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Nintendo 3DS Circle Pad Pro review: Nintendo 3DS Circle Pad Pro

Nintendo 3DS Circle Pad Pro

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Jeff Bakalar
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Jeff Bakalar

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Jeff is CNET Editor at Large and a host for CNET video. He's regularly featured on CBS and CBSN. He founded the site's longest-running podcast, The 404 Show, which ran for 10 years. He's currently featured on Giant Bomb's Giant Beastcast podcast and has an unhealthy obsession with ice hockey and pinball.

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3 min read

The introduction of the circle pad on the Nintendo 3DS was a welcome addition to the portable platform, but of course it left many wondering, "Why not a right pad as well?"

Nintendo 3DS Circle Pad Pro
6.5

Nintendo 3DS Circle Pad Pro

The Good

The <b>Nintendo 3DS Circle Pad Pro</b> adds a right circle pad and two extra trigger buttons to the 3DS. It's easy to use and simple to set up, and improves control options for compatible games, not to mention improving the 3DS' overall ergonomics. Priced at $20, it's an accessory that won't break the bank.

The Bad

The Circle Pad Pro feels so good that it makes us wonder why Nintendo didn't include one in the first place. It's bulky and makes the 3DS cumbersome to carry around, limiting its overall mobility. The attachment blocks a lot of connectivity ports and also requires a AAA battery to work.

The Bottom Line

As ugly and cumbersome as it makes the 3DS, the Circle Pad Pro is actually a great-performing accessory that improves the control range of games that it's compatible with.

That's the odd thing about the Nintendo 3DS Circle Pad Pro. Its right pad feels so natural and comfortable that it really makes you wonder what exactly Nintendo was thinking by not including it to begin with. It's that realization that becomes my biggest gripe about the Circle Pad Pro: its very existence proves that the device it's intended for is flawed.


There's no denying, the Circle Pad Pro makes the 3DS easier to hold.

Confusion and frustrations aside, the Circle Pad Pro is available only in black through a number of retailers or through Nintendo directly. Strangely enough, some outlets are selling this for upward of $40, but don't you dare spend more than $20 on it. That's what Nintendo is selling it for.

By itself, the Circle Pad Pro is a lightweight piece of plastic that requires one AAA battery for operation. When the 3DS is installed, it anchors to the left side of the unit (which we'd imagine) and juts out on the right side, providing a circle pad. It also adds two extra trigger buttons on either side of the system, an LZ and RZ, and it repurposes the R shoulder button, which is rendered useless when the contraption is installed.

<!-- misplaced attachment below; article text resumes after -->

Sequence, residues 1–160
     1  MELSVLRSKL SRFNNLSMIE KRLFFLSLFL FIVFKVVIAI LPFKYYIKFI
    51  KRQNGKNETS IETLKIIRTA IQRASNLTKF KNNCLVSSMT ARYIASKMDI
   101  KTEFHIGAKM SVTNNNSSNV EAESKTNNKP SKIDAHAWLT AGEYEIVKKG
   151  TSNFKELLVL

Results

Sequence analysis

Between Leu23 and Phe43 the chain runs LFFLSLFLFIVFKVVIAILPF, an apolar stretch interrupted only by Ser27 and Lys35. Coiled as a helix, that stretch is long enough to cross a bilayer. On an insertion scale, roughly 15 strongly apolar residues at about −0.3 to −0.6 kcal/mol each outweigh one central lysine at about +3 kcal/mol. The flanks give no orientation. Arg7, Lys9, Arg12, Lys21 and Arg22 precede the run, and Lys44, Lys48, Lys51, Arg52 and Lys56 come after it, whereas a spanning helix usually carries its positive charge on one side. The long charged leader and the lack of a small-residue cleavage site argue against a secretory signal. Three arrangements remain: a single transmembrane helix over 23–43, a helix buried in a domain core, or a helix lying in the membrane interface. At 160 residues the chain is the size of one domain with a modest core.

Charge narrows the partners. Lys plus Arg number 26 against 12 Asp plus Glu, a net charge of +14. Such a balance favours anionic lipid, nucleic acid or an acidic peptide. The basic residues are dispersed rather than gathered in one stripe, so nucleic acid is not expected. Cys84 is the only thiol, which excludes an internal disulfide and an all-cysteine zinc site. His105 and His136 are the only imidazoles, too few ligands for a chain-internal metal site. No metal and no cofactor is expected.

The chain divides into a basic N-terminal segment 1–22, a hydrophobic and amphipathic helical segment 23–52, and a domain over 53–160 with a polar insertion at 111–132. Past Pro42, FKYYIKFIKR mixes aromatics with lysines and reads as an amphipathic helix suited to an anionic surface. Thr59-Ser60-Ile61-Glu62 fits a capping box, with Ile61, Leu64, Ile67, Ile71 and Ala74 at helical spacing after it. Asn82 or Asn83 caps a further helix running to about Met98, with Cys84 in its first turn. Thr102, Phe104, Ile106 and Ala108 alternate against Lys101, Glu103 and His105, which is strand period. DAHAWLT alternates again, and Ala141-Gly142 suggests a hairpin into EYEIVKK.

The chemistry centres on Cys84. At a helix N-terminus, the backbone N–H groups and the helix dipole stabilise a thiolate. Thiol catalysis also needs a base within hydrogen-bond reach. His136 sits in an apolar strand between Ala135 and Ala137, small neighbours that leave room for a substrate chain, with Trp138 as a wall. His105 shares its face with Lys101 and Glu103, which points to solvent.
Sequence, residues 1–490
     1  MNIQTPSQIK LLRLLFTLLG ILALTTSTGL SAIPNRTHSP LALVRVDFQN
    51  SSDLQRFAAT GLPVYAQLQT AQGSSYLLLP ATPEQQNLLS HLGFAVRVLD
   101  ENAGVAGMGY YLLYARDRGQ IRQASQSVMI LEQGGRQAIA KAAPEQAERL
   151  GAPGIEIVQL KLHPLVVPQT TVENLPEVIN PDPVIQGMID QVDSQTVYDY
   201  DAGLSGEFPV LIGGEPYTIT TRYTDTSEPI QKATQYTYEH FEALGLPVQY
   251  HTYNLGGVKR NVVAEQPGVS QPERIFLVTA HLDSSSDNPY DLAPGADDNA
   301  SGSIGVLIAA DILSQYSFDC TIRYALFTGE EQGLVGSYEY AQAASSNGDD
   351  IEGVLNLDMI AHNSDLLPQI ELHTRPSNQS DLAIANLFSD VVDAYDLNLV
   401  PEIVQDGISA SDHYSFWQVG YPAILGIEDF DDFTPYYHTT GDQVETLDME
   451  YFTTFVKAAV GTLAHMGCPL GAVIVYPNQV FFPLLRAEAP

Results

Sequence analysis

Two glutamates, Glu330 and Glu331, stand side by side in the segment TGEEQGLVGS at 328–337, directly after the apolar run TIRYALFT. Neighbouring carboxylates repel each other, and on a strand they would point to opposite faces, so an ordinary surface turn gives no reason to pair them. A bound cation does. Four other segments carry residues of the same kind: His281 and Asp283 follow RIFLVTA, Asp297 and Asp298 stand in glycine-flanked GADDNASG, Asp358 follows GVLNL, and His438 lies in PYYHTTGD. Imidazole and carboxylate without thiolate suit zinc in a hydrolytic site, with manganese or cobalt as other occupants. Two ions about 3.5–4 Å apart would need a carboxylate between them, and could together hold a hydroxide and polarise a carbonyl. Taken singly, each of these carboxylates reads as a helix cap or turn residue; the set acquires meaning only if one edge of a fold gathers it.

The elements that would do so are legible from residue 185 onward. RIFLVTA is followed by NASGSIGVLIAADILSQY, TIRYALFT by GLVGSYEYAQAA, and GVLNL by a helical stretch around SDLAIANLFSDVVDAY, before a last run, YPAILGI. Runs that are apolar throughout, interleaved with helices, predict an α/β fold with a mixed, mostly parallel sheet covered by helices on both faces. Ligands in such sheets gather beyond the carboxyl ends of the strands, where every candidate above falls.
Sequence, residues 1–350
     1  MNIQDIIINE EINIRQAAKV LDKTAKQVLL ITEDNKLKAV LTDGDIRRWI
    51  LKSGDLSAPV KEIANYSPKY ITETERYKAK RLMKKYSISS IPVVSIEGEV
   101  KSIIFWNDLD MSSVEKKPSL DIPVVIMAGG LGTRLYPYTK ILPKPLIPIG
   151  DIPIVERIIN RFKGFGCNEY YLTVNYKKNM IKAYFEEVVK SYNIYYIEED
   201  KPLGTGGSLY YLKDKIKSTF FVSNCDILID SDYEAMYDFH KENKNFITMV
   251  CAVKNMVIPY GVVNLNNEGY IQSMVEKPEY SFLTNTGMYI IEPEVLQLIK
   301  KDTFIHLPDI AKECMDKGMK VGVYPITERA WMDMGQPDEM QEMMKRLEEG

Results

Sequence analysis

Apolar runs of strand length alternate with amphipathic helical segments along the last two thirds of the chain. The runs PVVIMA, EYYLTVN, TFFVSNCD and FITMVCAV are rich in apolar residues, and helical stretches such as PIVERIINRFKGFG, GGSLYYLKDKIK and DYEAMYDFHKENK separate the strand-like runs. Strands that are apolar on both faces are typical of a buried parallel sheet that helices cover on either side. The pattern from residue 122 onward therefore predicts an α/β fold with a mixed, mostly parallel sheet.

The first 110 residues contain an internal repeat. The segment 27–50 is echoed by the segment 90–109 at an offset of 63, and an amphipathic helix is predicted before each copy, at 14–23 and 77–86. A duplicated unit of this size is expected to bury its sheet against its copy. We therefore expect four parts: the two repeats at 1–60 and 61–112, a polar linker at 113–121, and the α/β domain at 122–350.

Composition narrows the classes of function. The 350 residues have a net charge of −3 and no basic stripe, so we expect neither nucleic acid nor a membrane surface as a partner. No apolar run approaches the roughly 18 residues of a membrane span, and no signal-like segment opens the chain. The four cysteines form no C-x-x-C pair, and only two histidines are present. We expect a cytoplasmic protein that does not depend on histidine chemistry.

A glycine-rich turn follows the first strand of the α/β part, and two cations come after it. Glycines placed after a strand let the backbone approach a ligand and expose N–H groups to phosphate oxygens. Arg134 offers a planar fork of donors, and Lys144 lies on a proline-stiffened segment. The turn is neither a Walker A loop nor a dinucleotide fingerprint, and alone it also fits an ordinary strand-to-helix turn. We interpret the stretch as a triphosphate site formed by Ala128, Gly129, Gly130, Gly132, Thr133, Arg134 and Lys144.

The Pad Pro adds two new trigger buttons, one on either side.

A series of rubber bumpers lets the 3DS sit snugly in its new encasing, and there are openings for access to only some of the 3DS' ports, like the headphone jack, charging port, and volume slider. With the Circle Pad Pro attached, there's no access to the SD card slot, game card slot, wireless button, or stylus. The device talks to the 3DS via an infrared port (IR) that lines up when attached. Games that support the accessory will ask for a brief setup when you begin a game.

The Circle Pad Pro turns the 3DS into a bulky mess, adding a good inch and a half in width and even more in height. Anything you've purchased to keep your 3DS protected, like a case or a sleeve, is instantly negated by the add-on, but of course the two can be easily separated.


Some 3DS ports and slots are hidden when the Circle Pad Pro is attached.

As ugly and cumbersome as it is, I actually really like how the Circle Pad Pro feels and plays. First off, it improves the 3DS' ergonomics by leaps and bounds. It makes the 3DS easier to hold even if it throws things a bit off-center. But by far the best improvement has got to be the addition of that right thumb stick. Playing a game like Resident Evil: Revelations is a prime example of just how good it feels. So much so that once I experienced playing with it, I refused to go back to the normal setup during the rest of my time with the game.

I've got to imagine that a right circle pad will be included in the 3DS "Lite" or whatever the next evolution of the system might be, but it certainly comes off as a slap in the face to those unlucky souls who decided to adopt early. Sure, not every game makes use of the add-on, but there are a few notable titles coming down the pike that will use it, like Kid Icarus Uprising and Kingdom Hearts 3D.

If reduced mobility and bulkiness aren't concerns, dropping $20 for the Circle Pad Pro seems like a no-brainer. It might not be the most glamorous of accessories, but what it lacks in the cosmetic department, the Pad Pro makes up in the performance department.

Nintendo 3DS Circle Pad Pro
6.5

Nintendo 3DS Circle Pad Pro

Score Breakdown

Design 5Features 7Performance 7